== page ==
No Recovery of Cold Complex Regional Pain Syndrome After Transdermal Isosorbide Dinitrate: A Small Controlled Trial
The microcirculation appears to be impaired in cold chronic complex regional pain syndrome (CRPS). This double-blind, placebo-controlled, randomized trial investigated the effect of the nitric oxide (NO) donor isosorbide dinitrate (ISDN) on the peripheral blood flow in patients with chronic CRPS. Twenty-four patients received 1% ISDN in Vaseline®or a placebo ointment applied to the dorsum of the affected hand four times daily for 10 weeks. The patients participated in a physical therapy program to improve activity. The primary outcome measure was blood distribution in the affected extremity, which was determined by measuring the skin temperature using videothermography. We also measured NO and endothelin-1 concentrations in blister fluid, pain using the visual analog scale, and activity limitations using an upper limb activity monitor and the Disabilities of Arm Shoulder and Hand Questionnaire. ISDN failed to produce a significant improvement in temperature asymmetry in chronic cold CRPS patients, and it did not result in the expected reduction in pain and increase in activity compared with placebo either. There may be other central or peripheral factors contributing to the disturbed vasodynamics in cold chronic CRPS that are not influenced by NO substitution. This study does not show an improvement of the regional blood distribution by ISDN in the involved extremity of patients with cold-type CRPS.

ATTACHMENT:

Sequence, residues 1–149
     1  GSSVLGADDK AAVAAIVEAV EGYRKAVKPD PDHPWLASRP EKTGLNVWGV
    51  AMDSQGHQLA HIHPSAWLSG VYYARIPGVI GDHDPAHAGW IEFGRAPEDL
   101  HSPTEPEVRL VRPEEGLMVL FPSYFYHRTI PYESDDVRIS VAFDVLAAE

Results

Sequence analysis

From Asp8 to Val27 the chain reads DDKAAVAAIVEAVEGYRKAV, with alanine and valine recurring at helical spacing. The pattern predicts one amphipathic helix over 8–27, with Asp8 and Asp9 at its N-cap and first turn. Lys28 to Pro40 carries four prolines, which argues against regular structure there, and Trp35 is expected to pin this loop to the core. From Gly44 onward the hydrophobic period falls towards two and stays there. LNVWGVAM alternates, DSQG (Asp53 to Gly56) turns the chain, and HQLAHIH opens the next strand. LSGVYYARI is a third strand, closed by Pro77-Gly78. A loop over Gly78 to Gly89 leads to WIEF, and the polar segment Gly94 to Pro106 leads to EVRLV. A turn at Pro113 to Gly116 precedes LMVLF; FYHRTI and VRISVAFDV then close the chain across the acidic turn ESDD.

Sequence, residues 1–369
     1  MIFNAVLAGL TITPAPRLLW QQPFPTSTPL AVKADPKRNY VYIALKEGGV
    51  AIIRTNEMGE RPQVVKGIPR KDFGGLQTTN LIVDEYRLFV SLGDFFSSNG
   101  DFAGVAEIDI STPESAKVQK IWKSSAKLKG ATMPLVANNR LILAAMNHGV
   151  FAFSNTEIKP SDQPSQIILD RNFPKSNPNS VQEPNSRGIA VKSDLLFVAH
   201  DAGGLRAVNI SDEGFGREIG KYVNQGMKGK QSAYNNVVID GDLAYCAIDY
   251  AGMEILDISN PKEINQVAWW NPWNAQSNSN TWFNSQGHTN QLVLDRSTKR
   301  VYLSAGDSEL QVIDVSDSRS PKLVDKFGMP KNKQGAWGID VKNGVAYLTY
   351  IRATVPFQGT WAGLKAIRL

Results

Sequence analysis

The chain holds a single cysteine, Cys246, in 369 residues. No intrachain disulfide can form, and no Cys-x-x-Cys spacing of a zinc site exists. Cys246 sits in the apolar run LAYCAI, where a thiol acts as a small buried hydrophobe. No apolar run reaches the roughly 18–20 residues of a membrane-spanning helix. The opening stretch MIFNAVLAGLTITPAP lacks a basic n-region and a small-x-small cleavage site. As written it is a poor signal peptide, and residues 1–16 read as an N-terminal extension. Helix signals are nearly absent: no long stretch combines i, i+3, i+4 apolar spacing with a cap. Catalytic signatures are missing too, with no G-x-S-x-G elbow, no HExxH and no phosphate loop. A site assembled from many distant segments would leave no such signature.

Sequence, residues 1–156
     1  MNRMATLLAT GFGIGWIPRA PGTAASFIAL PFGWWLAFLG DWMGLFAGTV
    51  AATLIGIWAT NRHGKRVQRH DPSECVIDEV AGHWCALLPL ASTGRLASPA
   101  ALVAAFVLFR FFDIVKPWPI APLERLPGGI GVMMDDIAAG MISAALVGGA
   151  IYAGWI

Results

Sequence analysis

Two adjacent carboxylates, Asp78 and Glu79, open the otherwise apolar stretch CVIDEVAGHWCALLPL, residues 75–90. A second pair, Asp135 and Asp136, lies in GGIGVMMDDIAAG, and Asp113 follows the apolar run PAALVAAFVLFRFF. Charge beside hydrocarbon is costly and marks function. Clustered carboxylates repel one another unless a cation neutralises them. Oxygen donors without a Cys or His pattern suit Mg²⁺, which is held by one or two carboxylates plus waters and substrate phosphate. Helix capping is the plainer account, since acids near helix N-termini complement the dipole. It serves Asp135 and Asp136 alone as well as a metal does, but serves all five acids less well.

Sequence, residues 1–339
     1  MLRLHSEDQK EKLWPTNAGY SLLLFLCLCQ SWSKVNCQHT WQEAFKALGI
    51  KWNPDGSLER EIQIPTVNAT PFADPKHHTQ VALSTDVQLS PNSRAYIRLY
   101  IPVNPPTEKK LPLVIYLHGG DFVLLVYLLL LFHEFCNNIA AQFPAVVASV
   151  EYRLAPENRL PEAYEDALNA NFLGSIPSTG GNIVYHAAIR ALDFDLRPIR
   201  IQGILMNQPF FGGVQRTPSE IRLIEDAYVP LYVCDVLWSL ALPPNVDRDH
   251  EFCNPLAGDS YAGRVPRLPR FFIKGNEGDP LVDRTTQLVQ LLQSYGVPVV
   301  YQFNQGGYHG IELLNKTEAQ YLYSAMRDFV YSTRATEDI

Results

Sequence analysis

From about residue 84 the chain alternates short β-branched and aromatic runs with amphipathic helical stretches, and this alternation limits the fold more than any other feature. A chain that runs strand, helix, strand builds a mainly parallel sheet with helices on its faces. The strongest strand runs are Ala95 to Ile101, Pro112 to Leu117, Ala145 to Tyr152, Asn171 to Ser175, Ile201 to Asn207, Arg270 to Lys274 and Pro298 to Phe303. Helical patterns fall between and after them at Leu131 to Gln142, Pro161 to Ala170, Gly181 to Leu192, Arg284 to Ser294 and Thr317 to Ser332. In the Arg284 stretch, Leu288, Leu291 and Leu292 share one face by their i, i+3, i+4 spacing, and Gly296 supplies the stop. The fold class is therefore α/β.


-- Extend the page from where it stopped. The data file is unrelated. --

|Keywords||CRPS, Nitric oxide, endothelial dysfunction, isosorbide dinitrate, vasodilation, videothermography|
|Persistent URL||dx.doi.org/10.1016/j.jpainsymman.2008.10.006, hdl.handle.net/1765/24436|
|Journal||Journal of Pain and Symptom Management|
Groeneweg, J.G, Huygen, F.J.P.M, Niehof, S.P, Wesseldijk, F, Bussmann, J.B.J, Schasfoort, F.C, … Zijlstra, F.J. (2009). No Recovery of Cold Complex Regional Pain Syndrome After Transdermal Isosorbide Dinitrate: A Small Controlled Trial. Journal of Pain and Symptom Management, 38(3), 401–408. doi:10.1016/j.jpainsymman.2008.10.006